Post mortem: CountOut
CountOut is a game based on requirements of a game jam, we were each given Atari’s “Breakout” as a base and then assigned an individual artist, my artist was Sally Sheinman an American installation artist. However, we did have creative limitations, these included;
· Must closely resemble the layout of the original game.
· Must closely resemble the mechanics present in the original game.
· Must closely emulate the behaviour of player and nonplayer characters/entities.
· Must resemble and embody the style and tone of the assigned artist.
This project was a solo endeavor by me, I am a student of SAE Quantm based in Brisbane, Australia. With experience in game development and majoring in programming
I wanted to create a game that would both showcase the installation style and also provide the same sense of easy fun that Sally intended with her art work. Most of all I wanted the game to stop becoming a game at some point and more a kinetic piece of art.
What went right
1. Planning and scheduling
As this was a solo effort, planning and scheduling was achieved easily. I knew how much time I had and when I was available, not having to be concerned about whether work would be completed by others on time. Each week I used a scrum method, making a list of priorities that needed completing through HacknPlan and attacking one at a time in order. Through this method I was able to keep a track of the work that was done and what needed doing and thus how much time I would need to allocate to it.
2. Design & Style
From the beginning I had a very clear idea of the style and theme of CountOut should be, whether it was intended or not Sally’s work often imitates playable spaces. This made it very easy for me to envision a playable environment from one of Sally’s work in particular “Artkacina”. Looking very similar to a layout for a table top game with blocks to hit in the center. Her creations of many shapes and textures was easily reproducible in a game sense too
3. Feature finding
As the game developed, issues arose with the core design and while this isn’t a positive thing the ingenuity in fixing these problems within a time period were. It also shed light on to new and interesting game mechanics that would eventually be reworked from bugs into features. Alternative solutions to these bugs were theorized and tested to make sure the new feature functionality was correct, overall these were still achieved in a reasonable time frame and didn’t affect the scheduling.
The way I worked
This was an interesting task, being a university student, time was restricted on the project. However due to effective planning and scheduling through HacknPlan, time was efficiently used as mentioned previously a scrum method was applied, by keeping track of tasks that needed to be completed within that week and updated frequently. There was never a point where I wasn’t sure what to do next. Also, any problems that arose were swiftly sorted and if the problem was outside of my expertise I looked externally for answers.
What went wrong
1. Not planning ahead
While I had an idea of what I wanted and needed in the game through the given individual specifications, the first couple of weeks of development my ideas changed, which in turn means there was less time planning the overall design of the game. Which lead to problems later in the project which included; core mechanics being changed, interactions being changed and more.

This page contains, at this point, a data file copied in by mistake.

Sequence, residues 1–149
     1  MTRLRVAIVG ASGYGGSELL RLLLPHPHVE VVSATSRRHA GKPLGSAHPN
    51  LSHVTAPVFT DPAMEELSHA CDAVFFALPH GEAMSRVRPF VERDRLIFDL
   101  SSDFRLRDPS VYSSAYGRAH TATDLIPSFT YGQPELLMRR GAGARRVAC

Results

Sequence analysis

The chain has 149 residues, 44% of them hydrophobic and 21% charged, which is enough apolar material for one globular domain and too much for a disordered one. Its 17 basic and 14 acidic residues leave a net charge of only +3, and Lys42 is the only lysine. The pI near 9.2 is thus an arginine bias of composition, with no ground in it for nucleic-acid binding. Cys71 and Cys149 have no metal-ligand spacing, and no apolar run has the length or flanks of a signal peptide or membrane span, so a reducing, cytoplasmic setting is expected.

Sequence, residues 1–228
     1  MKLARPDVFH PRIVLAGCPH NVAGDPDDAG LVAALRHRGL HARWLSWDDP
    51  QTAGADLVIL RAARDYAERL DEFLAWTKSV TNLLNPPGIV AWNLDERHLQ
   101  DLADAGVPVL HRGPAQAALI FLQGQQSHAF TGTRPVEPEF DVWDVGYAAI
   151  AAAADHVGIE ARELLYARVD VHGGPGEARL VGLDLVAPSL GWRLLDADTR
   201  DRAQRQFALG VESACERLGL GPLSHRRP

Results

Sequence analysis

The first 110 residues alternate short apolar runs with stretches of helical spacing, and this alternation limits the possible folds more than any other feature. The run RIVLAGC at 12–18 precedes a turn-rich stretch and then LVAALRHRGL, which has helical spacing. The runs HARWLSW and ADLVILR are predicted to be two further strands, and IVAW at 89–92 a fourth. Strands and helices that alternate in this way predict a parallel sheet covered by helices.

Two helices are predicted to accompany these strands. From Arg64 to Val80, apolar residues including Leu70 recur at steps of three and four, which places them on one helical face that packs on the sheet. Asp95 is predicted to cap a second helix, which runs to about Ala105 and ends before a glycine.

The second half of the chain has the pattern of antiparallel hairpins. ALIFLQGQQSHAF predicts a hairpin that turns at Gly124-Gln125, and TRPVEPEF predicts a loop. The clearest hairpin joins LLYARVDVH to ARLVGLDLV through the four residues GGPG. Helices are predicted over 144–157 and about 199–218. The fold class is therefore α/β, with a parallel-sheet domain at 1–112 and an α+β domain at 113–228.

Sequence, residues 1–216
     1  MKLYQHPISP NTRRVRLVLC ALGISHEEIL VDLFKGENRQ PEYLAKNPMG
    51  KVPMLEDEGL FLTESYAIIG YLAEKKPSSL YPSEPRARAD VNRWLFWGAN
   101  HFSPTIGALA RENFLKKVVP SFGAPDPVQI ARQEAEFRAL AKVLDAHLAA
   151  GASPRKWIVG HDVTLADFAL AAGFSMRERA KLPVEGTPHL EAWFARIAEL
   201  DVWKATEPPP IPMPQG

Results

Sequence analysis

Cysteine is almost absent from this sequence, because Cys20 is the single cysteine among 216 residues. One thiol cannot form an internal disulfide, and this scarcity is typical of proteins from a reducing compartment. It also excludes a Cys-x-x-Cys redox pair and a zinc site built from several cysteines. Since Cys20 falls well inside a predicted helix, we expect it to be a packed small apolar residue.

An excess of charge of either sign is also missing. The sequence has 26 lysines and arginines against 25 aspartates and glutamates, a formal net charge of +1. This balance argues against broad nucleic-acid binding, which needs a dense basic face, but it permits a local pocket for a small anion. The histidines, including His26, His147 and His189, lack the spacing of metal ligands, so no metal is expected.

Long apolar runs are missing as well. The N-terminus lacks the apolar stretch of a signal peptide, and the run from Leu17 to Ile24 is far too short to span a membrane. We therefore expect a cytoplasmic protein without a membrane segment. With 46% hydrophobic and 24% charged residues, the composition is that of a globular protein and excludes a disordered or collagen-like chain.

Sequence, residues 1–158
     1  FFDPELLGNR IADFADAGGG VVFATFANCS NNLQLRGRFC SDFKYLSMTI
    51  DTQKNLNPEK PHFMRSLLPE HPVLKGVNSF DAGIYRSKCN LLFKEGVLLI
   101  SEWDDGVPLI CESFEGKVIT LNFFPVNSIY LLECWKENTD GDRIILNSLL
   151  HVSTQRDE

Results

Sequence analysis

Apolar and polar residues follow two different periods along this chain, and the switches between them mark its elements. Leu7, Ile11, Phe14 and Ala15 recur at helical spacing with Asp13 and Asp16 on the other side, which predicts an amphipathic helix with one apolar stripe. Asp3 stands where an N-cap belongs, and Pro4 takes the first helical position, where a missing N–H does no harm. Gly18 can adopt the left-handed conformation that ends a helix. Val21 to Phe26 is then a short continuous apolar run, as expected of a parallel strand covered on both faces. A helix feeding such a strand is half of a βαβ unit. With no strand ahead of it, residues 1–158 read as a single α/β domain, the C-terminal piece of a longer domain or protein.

Ultimately these were worked around or solved but if a clearer design was decided earlier than much time and frustration could have been avoided.
This is something I feel is often overlooked, especially in our industry. Even though my schedule and time management were well planned, my well being was put second. Often working many extra hours to achieve goals. Even though I enjoy this development process at the end of the day its still work. Making sure that you have sufficient breaks and time to clear your mind is just as important to the projects health as yours.
What to do in the future
1. Not planning ahead
This is something that I’m normally guilty of, starting development before final decisions are made. While it could be avoided by changing my work method from a scrum to a waterfall. The most obvious solution is improved documentation, by effectively sorting these out before the project is started, issues are addressed and understood in the pre-production process.
Now these are going to sound a bit ridiculous, but you would be surprised how often this is overlooked;
· Take a half hour break every three hours, have a stretch, get a snack
· Make time in your day for “play”
· Stay hydrated
· Get at least thirty minutes of exercise a day, even if it’s just a walk
Looking after yourself is not only crucial to you and those around you but the life of the project as well. Time to reflect and recoup can help bring clarity to project which ultimately can save time and stress.
Overall, I’m really happy with how CountOut turned out, I learnt new programs and achieved things that were previously unobtainable. However, there is always lessons to learn and take away from experiences, this project being no different. In future projects I will keep in mind to create more detailed documentation and not to start a project before final considerations. Finally, to not take for granted health and self-management as the management of these affects the productive output of both the person and project.
Find the game at:
· Developer: Ben Walker
· Length of development: 4 weeks
· Number of developers: 1
· Development tools: Unity, Blender, Audacity, Photoshop, Visual studio
· Sleepless nights: 2